Despite all the progress made by women and the cries for gender equality, women worldwide continue to be under attack. There are many who are not ready to tolerate a woman’s leadership, especially as a voice for change. Even powerful women, including Shirley Chisholm, former Australian Prime Minister Julia Gillard, Hillary Rodham Clinton, and Kamala Harris, have not been spared. Such attacks are often isolated incidents, while women are also victims of a polarized political climate.
The forces resisting change and empowerment of women mobilize rapidly, and often character assassination, wielded anonymously, is their weapon of choice. Amidst the COVID-19 pandemic, when women worldwide are encouraged to be stronger and bring their best to the table, double standards and personal attacks on women continue unabated. The attack on British Columbia’s Chief Health Officer, Bonnie Henry, in 2020 is a case in point.
Viola Davis, the first Black actress who won an Emmy for Lead Actress in a drama in 2015, has openly spoken about the high stakes that women of color face. “We know as women that when you speak up, you are labeled a bitch – immediately. Just as a woman, as a woman of color, there is very, very, very little you have to do. All you have to do is maybe roll your eyes, and that’s it,” she said.
However, such issues are not restricted to politics and Hollywood only. They are prevalent in schools, colleges, and universities as well. It was the stubbornness of the French Academy of Sciences that it never elected Marie Curie to the academy. Despite winning two Nobel Prizes, Curie was deprived and ignored. While this aspect of the academy is well known, very few people are aware that the press presented her as a foreigner and atheist. Such vilification and anti-Semitism incited a mob outside her home, which Curie shared with her two young daughters and widowed mother.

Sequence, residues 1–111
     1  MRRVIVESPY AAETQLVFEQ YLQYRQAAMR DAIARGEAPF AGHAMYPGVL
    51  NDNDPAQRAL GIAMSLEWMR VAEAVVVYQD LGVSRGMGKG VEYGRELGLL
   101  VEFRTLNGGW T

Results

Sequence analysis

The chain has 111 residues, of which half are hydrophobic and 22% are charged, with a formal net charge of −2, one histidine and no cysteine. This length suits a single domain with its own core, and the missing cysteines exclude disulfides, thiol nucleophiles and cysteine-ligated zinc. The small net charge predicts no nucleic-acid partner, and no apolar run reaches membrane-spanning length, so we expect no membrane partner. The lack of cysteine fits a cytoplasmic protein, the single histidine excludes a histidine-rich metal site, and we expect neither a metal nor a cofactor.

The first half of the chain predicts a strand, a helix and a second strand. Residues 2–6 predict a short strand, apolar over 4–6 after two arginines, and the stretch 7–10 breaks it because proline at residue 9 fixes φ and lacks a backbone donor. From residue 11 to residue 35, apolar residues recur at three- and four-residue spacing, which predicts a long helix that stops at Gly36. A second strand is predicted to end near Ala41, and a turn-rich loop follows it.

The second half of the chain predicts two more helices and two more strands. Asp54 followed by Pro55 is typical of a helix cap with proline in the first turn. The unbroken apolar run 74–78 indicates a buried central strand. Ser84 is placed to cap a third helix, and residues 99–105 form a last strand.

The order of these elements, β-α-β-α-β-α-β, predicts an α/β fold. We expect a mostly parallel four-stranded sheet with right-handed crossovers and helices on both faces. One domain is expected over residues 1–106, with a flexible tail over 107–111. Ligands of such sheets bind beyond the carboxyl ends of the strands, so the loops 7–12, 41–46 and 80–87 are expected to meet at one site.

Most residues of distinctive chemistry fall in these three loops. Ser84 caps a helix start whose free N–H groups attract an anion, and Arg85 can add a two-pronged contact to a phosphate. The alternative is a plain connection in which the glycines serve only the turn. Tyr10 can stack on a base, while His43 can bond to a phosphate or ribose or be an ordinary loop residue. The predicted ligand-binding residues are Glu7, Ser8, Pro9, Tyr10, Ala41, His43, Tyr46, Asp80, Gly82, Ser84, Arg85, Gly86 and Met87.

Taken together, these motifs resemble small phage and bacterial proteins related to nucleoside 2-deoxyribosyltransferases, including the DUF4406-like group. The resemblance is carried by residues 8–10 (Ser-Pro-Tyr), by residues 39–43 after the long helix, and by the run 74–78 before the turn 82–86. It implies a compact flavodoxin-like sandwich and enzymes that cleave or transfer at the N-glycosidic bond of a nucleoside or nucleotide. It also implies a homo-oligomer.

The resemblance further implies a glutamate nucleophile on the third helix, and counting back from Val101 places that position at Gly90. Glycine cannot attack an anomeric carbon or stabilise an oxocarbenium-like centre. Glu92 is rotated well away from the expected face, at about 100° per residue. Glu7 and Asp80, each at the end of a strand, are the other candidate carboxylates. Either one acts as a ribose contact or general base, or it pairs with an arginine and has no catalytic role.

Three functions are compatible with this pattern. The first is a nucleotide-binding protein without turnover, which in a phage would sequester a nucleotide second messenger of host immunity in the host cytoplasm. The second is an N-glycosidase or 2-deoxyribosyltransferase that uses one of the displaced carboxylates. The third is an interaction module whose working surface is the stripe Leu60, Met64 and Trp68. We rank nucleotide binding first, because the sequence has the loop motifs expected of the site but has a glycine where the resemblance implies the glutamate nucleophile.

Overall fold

Mary’s humiliation was not an isolated event but the result of a polarized political and social climate. About a century later, on June 4, 2020, the publishers of a leading journal in chemistry research, Angewandte Chemie, quickly distanced the magazine from a paper that they had published by a Canadian academic. The journal accused him of using “offensive and inflammatory language aimed toward people of different genders, races, and nationalities”. The question is, how, in the first place, did such a prejudiced opinion piece get through peer review, past senior editors, and into a top-tiered journal whose mandate is the publication of scientific results?
If you look deeper, you will find a common thread. The problem is not just trolls blocking passage over the bridges of leadership. In mainstream platforms, the problem is the insufficient autonomous investigation and peer review. In addition, there is disdain for verification of fact and an increasing tabloid culture that makes it evident that there is a vested interest in damaging or controversial stories that sell.
Considering the current pace of progress in academia, it is likely that gender parity will take 60 years for math and 258 years for physics. Progress for other under-represented talent pools is even more bitter. Progress will continue to be slow as long as mainstream platforms propagate the attacks and double standards.
Eradicating Double Standards
No one, in particular, is responsible for the prevalent double standards against women. We are all responsible for it. US Senator Elizabeth Warren says, “You don’t get what you don’t fight for.” Therefore, it is high time for each of us, whether it is the media, politics, art, entertainment, or academia, to demand better.
It is time that we took a hard look at the societal attitudes towards leadership. We need leadership that reflects full diversity and is inclusive of gender, sexual orientation, race, culture, and language.
Our ability to recruit and retain the breadth of leadership is weakened when women in power, and diverse leaders in general, are still so readily subjected to personal attacks and labeled unruly, a negative influence, or as under-qualified or unfit for service. Recognizing the patterns and double standards is the first step in committing to fighting and eliminating this social evil.
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